More students than ever before are opting to take science related degrees at university – and this trend is also filtering through to our nations schools which are also recording a surge in interest between 5 – 18 year olds.

These results were announced by the University and Colleges Admissions Service (UCAS). The Engineering and Physical Sciences Research Council (EPSRC) Chief Executive Dave Delpy welcomes this news and comments: “This strengthens the case for supporting our future scientists and engineers”

Dave Delpy goes on to say, “With the increase in undergraduate interest in science and engineering, we anticipate greater numbers of PhD students applying for research funding over the years to come. It is therefore more vital than ever to create a support network for school children to encourage them to engage with science and engineering at an early stage to help them become career scientists and engineers.”

I feel this presents a challenge incumbent on all of us; to help educate and promote, a challenge I am sure we will all embrace with enthusiasum. Many schemes and initiatives are already evident in every day life, and just scanning the national news you will find numerous events from industrial and entreprenureal challenges to polls such as the recent Science Museums poll to vote for the most important invention in science. From a shortlist of inventions such as the Apollo capsule, DNA double helix and the X-ray machine, it attracted an unprecedented number of votes. To find out which invention was voted the most significant visit

We still face a number of worrying issues and claims over poor levels of science literacy and teaching levels in our schools; the Chief executive of the Royal Society of Chemistry, Dr Richard Pike claims some exam papers contain absolutely no maths in them and some questions even no science. We have heard many arguments and discussions about the fears of dumbing down science, Dr Pike fears if we do not appoint a rigorous regulator soon then overall standards (even though we are witnessing a surge in interest) will suffer. Ofqual have responded and said it was taking steps to improve science.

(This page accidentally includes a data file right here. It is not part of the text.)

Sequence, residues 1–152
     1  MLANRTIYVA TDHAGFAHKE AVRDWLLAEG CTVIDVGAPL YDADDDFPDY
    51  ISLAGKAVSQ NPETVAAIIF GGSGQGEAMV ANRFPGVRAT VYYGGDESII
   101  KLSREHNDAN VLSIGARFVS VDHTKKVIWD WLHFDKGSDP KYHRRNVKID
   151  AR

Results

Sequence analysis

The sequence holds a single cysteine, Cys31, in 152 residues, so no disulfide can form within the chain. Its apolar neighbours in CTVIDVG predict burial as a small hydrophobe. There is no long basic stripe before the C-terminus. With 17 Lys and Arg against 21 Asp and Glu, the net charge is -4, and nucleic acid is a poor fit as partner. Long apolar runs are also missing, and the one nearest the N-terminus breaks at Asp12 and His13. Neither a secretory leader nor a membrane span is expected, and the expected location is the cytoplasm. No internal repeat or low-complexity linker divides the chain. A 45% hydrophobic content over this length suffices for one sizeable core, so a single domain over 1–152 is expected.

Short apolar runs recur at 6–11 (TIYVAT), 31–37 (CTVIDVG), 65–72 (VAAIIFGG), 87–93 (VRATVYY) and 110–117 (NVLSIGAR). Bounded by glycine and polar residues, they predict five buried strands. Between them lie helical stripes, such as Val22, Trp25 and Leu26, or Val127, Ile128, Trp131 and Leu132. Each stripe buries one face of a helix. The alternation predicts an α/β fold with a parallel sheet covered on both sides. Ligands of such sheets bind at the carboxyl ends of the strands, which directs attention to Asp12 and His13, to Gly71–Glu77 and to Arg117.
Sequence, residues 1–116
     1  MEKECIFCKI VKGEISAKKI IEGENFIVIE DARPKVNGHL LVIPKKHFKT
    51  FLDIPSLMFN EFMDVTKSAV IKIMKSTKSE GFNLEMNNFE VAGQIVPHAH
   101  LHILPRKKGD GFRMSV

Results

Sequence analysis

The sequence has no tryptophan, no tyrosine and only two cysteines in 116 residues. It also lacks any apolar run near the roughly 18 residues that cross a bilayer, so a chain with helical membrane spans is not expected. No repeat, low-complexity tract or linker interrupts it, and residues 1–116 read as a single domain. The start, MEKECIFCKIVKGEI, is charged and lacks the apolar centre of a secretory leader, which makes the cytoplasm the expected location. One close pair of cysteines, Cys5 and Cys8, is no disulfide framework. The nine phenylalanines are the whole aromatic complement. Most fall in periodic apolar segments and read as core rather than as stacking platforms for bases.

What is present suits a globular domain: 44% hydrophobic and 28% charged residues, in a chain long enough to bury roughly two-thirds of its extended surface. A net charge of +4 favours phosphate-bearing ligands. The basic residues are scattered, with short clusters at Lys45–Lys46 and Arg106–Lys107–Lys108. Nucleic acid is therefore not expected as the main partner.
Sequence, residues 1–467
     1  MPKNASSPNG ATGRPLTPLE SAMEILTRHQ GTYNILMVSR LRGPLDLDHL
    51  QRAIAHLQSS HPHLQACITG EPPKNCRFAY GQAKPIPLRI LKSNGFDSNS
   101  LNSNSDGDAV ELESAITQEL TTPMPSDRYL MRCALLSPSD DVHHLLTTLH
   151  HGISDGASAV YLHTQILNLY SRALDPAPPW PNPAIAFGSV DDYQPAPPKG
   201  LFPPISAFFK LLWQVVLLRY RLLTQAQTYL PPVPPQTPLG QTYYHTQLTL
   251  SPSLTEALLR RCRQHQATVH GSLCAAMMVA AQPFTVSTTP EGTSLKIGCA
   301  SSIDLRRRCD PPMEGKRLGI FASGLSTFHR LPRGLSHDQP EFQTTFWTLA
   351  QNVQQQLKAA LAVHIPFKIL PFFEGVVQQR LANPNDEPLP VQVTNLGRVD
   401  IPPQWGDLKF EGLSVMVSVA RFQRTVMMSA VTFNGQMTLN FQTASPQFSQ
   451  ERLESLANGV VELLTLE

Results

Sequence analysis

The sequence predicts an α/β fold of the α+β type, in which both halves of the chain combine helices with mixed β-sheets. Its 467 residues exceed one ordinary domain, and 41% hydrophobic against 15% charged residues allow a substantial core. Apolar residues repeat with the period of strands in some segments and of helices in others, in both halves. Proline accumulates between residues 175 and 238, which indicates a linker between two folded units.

This renewed interest in science is an opportunity to bring our best brains to the fore and discuss and engage with our next generation of scientists the challenges facing both the environment and industry at large. We must not only inform but also encourage debate, this will ensure we build on the growing interest in science and tackle head-on some of the disconnect between the quality of teaching and resources open to our young students.

The future can be a bright one for science providing we continue to build the infrastructure in our communities, and awareness and interest in our schools and colleges.

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DOI: 10.1016/S1369-7021(09)70302-5